Vixen: Irmgard Arnold
Fox: Manfred Hopp
Forester: Rudolf Asmus
Badger/Priest: Josef Burgwinkel
Dog/Schoolmaster: Werner Enders
Cock: Frank Volker
Forester's wife: Ruth Schob-Lipka
Director: Walter Felsenstein
Sets: Rudolf Heinrich, Herbert Michel
Costume Design: Rudolf Heinrich, Gundolf Foizik
Conductor: Vaclav Neumann
Orchestra and choir of the Komische Oper Berlin
This opera film was made in 1965 by the great Austrian director Walter Felsenstein. It looks back to an even earlier period of film making in terms of style, an approach which works beautifully here for the subject matter and style of the piece. I don't usually like opera films because of lip syncing, but unusually it really didn't bother me here, and in fact I liked the intimacy of the studio setting.
As The Cunning Little Vixen is one of my favourite operas, I've seen a lot of productions. The animal costumes and choreography in this film are probably the best I've ever seen as both capture something very accurately about the way animals move, look and even breathe. I sometimes despair of productions where it seems like the designers and choreographers have never witnessed any nature first hand, or are simply not sensitive to it, so this is a major plus point of this production. In the love duet between the Vixen and the fox, there's a real sensuality, without recourse to anything that couldn't be shown before the watershed.
All of the singers sing in a very parlando style, stressing diction and characterisation above line and ideal timbre. All are "character" singers in this regard. It works well in the context, though I wouldn't want to hear it like this every time. The fox is unfortunately cast as a tenor rather than a soprano, and he resorts to barking a bit during the duet. Subtitles are serviceable but aren't always very accurate, in the already changed Max Brod/Felsenstein German libretto which is a bit of a shame.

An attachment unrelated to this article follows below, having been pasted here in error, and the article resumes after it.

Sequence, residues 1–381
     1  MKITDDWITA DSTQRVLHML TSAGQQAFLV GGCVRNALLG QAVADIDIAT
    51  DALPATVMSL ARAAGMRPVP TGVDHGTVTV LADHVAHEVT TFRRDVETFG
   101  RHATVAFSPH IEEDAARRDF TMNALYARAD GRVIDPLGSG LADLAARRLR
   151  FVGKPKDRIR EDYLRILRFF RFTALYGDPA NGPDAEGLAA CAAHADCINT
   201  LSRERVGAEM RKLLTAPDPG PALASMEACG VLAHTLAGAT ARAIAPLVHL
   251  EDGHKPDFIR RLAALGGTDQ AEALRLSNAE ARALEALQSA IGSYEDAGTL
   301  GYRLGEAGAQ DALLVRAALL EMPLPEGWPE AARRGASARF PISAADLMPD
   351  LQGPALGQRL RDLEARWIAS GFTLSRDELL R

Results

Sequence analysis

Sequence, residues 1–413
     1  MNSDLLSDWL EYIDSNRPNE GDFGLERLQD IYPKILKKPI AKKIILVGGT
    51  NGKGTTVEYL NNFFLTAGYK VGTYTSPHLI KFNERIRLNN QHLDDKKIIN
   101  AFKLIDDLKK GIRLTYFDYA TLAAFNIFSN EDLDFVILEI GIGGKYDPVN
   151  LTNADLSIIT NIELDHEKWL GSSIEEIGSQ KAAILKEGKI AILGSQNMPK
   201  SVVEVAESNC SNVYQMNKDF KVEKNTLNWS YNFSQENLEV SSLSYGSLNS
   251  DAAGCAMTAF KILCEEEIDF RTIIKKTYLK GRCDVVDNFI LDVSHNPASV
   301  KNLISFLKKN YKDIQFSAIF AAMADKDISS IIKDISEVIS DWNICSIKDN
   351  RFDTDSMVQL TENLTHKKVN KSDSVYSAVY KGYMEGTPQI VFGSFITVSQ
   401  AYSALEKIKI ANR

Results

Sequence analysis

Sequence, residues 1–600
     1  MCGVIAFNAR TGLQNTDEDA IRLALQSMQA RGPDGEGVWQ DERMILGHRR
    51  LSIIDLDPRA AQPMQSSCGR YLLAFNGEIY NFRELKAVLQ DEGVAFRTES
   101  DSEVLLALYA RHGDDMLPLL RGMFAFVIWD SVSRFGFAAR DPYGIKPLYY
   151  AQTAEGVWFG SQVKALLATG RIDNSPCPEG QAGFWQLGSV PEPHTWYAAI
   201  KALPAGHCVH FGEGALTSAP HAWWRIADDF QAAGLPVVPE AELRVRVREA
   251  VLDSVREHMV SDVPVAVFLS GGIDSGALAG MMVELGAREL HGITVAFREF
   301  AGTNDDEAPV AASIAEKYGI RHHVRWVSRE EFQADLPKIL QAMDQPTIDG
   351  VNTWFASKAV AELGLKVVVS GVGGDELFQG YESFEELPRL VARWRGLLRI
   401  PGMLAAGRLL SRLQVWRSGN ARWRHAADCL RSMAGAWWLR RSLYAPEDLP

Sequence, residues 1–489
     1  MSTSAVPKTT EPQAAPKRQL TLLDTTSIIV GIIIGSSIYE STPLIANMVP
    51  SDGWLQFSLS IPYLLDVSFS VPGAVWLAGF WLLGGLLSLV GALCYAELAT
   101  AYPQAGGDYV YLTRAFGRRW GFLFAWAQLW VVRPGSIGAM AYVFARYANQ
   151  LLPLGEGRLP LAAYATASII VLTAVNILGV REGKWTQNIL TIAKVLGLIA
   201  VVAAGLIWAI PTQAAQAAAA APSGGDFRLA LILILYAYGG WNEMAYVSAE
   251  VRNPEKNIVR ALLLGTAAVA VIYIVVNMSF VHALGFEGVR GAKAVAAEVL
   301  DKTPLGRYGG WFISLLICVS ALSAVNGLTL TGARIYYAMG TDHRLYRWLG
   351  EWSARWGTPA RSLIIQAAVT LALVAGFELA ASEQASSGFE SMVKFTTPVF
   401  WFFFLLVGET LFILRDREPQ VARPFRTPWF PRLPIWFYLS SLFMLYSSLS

This performance by conductor Václav Neumann and the orchestra of Komische Oper Berlin links the piece as strongly as possible to the German operatic tradition, via Dvorak and Viennese operetta - the approach to phrasing, sonority, texture and timbre are all very mid century German and quite unlike what we'd hear in this piece today. Overall, I think the opera loses something in this approach as it irons out many of Janacek's quirks, charms and inspirations, smoothing them into something less glistening, less gawky, less sexy and more Romantic, symphonic, Teutonic than the piece really is. But this is still a fascinating historical document in that it lets us hear Janacek how he was seen pre critical editions (and just as importantly pre Charles Mackerras). For that reason (and the fact that it's not in Czech) it can't be a first choice, but for anyone who already has a measure of the work, there is much to enjoy here, and dramatically, this is a touching, superbly observed, and very traditional production of the work. It's the sort of thing I would have loved as a kid, having been given a taste for old style children's shows (Watch with Mother, early-mid Disney (especially Fantasia and Dumbo) and German books from my mother's childhood).
There are two versions of this DVD on the market. I'm told the Arthaus/Naxos one is the better transfer, and is the one I have reviewed here, but I haven't seen the "Immortal" one.
Post a Comment